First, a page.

The Wrong Door

The village is called Southelton. County: Suffolk. Population: 442. Pubs: two, The Old Bell and The Fox. Distance from sea: between three and three and a half miles depending on if the tide is in or out. One Post Office, one bookshop, one shop where you can buy stuff like string and lager and baked beans and organic mushrooms. No station, no doctor, no butcher, no baker, no candlestick-maker. You get the idea. The name, as I said, is Southelton but don’t ask me how it’s pronounced: I’ve heard half a dozen different versions, including two from the same person, since we moved here.

Actually, that’s not quite true. The last bit. We haven’t ‘moved’ here, in the sense that we have no other residence. There’s the house in London which, if we’re honest, is where the real stuff is. So, yes, let’s use the word: we’re weekenders.

No, we’re not. We do come down most weekends (though it’s a bugger of a drive and even worse on the train) but either Emma or I or both of us are sometimes here for longer. On Monday as well, for instance. Or Thursday. You see what I mean? And you can guarantee that, if we are down of a weekday, we make sure we buy some string, or a stamp, or a book, or a drink, even if we don’t really need them, just to prove we’re present out of hours.

Look – I don’t want to make a big thing about this. It’s just that some others do. In any community there’s stuff that goes on and we want to be involved. We’re both sociable. We care about where we happen to be. We’re interested in other people. We have to be: Emma’s a journalist and I’m a screenwriter.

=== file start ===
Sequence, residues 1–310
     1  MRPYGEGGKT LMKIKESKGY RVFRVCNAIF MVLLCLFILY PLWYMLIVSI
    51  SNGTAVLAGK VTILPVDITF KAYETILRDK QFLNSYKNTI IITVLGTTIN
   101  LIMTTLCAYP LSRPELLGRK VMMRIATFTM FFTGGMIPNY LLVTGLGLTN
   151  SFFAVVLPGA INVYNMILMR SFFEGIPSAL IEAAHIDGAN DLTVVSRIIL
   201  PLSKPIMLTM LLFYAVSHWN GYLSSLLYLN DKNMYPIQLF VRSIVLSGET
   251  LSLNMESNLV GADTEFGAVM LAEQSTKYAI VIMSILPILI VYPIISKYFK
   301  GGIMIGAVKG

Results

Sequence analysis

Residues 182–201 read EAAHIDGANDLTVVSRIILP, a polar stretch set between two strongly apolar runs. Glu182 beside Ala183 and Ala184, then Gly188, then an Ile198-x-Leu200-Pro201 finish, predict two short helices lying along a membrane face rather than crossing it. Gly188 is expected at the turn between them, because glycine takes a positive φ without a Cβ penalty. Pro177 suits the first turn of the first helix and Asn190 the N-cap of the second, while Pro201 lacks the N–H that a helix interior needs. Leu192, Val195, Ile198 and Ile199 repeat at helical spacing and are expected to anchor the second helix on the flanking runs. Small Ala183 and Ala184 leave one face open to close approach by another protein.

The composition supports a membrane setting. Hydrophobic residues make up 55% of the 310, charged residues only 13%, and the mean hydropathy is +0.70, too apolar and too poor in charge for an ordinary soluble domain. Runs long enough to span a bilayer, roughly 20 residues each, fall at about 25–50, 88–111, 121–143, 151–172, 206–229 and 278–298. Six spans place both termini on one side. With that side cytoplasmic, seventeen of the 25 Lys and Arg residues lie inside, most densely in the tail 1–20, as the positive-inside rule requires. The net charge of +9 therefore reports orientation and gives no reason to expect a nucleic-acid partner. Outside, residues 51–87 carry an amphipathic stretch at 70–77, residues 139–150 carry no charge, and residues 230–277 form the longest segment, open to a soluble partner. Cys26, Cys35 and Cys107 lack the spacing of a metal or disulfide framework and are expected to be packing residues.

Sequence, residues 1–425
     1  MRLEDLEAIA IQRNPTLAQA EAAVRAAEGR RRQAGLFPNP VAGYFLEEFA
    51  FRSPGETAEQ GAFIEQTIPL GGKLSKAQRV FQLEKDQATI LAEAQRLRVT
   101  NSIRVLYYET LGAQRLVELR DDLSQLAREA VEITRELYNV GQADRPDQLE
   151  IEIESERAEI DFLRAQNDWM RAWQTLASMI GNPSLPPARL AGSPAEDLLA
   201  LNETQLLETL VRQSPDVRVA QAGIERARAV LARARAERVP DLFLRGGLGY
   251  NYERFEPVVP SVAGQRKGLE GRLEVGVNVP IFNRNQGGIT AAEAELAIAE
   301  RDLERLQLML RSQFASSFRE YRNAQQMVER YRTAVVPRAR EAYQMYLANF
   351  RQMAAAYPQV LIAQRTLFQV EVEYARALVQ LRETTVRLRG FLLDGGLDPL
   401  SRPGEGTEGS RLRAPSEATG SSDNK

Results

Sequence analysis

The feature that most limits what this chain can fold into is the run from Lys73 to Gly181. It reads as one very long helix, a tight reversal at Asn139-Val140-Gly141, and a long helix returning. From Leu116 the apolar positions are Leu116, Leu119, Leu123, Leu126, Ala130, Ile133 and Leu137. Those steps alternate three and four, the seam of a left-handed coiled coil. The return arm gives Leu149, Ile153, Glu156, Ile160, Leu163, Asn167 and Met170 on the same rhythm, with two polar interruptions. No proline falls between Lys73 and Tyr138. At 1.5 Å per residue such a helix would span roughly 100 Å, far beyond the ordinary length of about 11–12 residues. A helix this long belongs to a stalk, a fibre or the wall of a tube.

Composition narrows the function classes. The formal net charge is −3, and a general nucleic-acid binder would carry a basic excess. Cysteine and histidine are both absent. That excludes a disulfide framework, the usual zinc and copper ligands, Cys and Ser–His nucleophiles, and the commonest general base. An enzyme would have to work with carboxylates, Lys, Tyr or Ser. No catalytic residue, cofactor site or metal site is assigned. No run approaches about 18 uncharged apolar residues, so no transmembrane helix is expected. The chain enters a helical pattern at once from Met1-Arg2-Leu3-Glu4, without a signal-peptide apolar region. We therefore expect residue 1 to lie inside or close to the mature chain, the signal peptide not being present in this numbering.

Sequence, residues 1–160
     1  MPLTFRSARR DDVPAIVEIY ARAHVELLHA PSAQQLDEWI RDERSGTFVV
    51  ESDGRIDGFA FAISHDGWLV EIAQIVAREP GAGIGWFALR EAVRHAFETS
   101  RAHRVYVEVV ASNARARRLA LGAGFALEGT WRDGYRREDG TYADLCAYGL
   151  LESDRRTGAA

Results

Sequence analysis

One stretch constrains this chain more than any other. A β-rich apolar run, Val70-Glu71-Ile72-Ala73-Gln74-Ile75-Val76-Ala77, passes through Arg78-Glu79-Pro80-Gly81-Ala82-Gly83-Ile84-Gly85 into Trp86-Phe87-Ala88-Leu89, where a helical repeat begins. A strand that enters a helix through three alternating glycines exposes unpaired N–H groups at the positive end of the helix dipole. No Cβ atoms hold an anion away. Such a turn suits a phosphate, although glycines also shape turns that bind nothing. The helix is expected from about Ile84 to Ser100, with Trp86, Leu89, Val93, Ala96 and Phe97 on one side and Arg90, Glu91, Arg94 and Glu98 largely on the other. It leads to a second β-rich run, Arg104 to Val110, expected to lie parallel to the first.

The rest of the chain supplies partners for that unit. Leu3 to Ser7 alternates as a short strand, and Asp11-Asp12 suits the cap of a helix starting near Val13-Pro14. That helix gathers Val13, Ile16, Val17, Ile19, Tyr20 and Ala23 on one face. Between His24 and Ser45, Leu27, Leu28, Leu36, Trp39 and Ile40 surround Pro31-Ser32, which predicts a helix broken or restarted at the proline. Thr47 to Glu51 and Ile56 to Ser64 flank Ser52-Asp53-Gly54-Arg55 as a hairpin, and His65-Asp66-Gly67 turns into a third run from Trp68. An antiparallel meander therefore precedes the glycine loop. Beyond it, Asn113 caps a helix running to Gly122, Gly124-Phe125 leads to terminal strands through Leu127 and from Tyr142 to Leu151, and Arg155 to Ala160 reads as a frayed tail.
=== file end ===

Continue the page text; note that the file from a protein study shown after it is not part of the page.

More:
Now I’m making it worse. I can see what you’re thinking and it’s the same as some people must be thinking here. I know someone local could have bought this house, instead of which they’re living with their parents in Thruxbridge or Ashfield Green. That’s not our fault. I can look myself in the mirror and can say that we’ve met the situation more than half-way. Emma got a piece about the bookshop into a national which resulted in a spike in visitors for several months. I’ve been asked to join the parish council which would be great except the meetings are on Wednesdays. We buy raffle tickets and paperbacks and pints of beer. We have our weekend papers delivered by the local firm. All we want to do is keep our noses clean, play the game, fit in. Who doesn’t?

These good intentions have been on the go for six years now and I was beginning to think that we were getting somewhere, were starting to mould our lives around the local human landscape. Then, last Saturday, the whole thing exploded in our faces.


• The rest of this story is now available in a paperback book (as are 25 others) – Unaccustomed as I Am (RRP £9.95).

It is stocked by the Hungerford Bookshop and you can place your order here.

Copies are also available at the White Horse Bookshop in Marlborough, the Mad Hatter Bookshop in Wantage and through an increasing number of other retailers.

You can order it from any bookshop: they will need to know that the ISBN is 978-1-8382580-0-9 and that it can be ordered from Gardners or Central Books.

Brian Quinn

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